The Bureau of Economic Analysis said that the U.S. economy grew by 0.8 percent in the first quarter of 2016, up from the prior estimate of 0.5 percent. The revision stemmed from better fixed investment, inventories and net exports data. Nonetheless, it is clear that the economy remained challenged, with the improvements in these categories reducing the pace to which each was a drag on real GDP growth. Overall, U.S. economic growth has been disappointing through the first three months of 2016, extending the sluggishness seen at the end of 2015. Indeed, the underlying story remained the same as noted in the prior release. Consumers and businesses were cautious in the first quarter, dampening real GDP growth, and the strong U.S. dollar and struggling economies abroad meant that net exports subtracted from growth in the quarter.
We have become accustomed to having a bad first quarter following by a strong rebound in the second quarter. In 2015, for instance, first and second quarter real GDP growth was 0.6 percent and 3.9 percent, respectively. I continue to expect a rebound in the current quarter, as well, with my forecast for second quarter 2016 growth currently at 2.5 percent. For 2016 as a whole, I am predicting 2.0 percent growth.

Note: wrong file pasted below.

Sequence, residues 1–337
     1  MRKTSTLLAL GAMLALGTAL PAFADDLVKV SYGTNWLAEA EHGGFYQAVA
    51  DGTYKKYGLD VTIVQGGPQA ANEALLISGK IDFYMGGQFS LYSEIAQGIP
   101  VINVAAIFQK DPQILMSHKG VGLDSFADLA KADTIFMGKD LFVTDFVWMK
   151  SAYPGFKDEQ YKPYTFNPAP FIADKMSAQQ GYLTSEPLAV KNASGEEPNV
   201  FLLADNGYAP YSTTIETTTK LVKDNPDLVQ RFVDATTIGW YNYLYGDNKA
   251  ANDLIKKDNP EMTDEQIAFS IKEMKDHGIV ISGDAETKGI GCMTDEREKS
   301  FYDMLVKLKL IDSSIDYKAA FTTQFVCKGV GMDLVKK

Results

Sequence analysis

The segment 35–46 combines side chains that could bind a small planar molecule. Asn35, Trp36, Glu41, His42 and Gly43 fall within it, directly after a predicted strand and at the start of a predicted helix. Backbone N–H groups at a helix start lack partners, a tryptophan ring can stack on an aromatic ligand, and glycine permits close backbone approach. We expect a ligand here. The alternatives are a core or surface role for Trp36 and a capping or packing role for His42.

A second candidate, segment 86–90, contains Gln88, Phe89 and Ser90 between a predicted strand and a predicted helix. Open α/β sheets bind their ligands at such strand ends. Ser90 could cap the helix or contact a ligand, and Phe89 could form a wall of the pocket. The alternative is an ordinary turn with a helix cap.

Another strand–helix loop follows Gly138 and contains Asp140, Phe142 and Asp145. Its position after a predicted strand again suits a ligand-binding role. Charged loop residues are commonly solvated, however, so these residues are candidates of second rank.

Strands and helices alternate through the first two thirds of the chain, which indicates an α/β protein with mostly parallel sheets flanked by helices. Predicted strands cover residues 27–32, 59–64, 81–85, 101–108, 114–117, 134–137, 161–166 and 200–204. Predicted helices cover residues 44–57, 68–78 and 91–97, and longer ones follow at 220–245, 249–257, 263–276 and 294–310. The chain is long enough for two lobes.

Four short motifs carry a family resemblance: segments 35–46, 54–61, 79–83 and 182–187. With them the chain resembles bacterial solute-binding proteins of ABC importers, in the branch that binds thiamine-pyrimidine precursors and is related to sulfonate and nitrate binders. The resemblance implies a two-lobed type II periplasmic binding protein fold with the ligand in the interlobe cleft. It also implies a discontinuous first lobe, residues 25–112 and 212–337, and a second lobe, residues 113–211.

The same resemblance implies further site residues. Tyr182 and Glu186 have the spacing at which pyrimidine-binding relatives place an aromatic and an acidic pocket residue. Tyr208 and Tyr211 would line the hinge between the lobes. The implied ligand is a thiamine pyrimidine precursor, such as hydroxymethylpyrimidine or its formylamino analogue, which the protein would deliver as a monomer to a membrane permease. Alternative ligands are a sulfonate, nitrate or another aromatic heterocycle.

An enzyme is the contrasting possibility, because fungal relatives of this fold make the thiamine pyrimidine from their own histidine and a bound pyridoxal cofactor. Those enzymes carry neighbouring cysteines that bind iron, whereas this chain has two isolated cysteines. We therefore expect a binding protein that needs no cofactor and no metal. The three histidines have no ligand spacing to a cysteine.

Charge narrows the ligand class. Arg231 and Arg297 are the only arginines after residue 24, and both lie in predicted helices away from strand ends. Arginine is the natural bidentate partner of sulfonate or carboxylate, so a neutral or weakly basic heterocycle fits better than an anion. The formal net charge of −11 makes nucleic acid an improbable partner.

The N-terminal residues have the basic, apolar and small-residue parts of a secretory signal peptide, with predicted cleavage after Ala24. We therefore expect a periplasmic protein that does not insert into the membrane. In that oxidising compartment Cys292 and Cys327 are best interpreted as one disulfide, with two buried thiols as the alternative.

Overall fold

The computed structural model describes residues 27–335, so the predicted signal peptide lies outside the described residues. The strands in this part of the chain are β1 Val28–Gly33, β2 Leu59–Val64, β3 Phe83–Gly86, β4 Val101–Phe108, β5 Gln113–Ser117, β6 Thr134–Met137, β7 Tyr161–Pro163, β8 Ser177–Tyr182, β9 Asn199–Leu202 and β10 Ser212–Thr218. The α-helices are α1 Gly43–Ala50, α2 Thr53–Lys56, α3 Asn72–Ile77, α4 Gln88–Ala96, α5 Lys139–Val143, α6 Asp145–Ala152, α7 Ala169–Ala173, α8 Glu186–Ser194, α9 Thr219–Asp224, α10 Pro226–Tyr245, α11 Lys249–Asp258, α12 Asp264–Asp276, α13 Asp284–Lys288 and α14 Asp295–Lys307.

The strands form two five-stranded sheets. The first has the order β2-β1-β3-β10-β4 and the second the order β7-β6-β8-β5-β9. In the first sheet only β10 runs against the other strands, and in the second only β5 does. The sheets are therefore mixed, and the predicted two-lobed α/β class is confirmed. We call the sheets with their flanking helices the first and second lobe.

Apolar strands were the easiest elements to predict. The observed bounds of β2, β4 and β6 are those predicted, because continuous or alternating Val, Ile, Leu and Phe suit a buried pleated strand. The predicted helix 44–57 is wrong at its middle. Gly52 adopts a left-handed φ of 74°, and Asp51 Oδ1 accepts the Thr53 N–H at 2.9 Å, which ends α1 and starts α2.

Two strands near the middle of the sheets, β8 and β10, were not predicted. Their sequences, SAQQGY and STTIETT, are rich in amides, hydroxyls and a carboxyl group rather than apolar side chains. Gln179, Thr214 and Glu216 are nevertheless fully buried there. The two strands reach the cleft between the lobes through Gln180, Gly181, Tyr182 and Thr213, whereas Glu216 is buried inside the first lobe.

Looking more closely at the first quarter data, consumer spending on goods was up just 0.4 percent at the annual rate, pulling back from 5.0 percent and 1.4 percent in the previous two quarters, respectively. As a result, goods spending added just 0.09 percent to real GDP growth. In contrast, service-sector spending by consumers contributed 1.20 percentage points to the headline number, making it one of the brighter spots in the latest report. The largest contributors were health care, housing and utilities, transportation services and other services.
Turning to business spending, nonresidential fixed investment fell an annualized 6.2 percent in the first quarter, extending the 2.1 percent decline seen in the fourth quarter. Spending on structures and equipment were down for the second straight quarter, with soft inventory growth serving as a drag on growth for the third consecutive report. On a more positive note, residential spending grew at an annualized 17.1 percent in the first quarter, with the housing market continuing to move in the right direction overall. As a whole, gross private domestic investment fell 2.6 percent at the annual rate in the first quarter, subtracting 0.45 percentage points from real GDP growth. That was better than the 0.45 percent drag seen in the previous estimate.
Net exports also presented a challenge, as manufacturers and other businesses struggled to increase international demand. Goods exports were 2.6 percent at the annual rate. Goods exports have fallen in four of the past five months. At the same time, goods imports were off by less, down 1.1 percent for the quarter. As a result, net exports subtracted 0.21 percentage points from top-line GDP growth in the first quarter, which was an improvement from the 0.33 percent subtraction estimated earlier.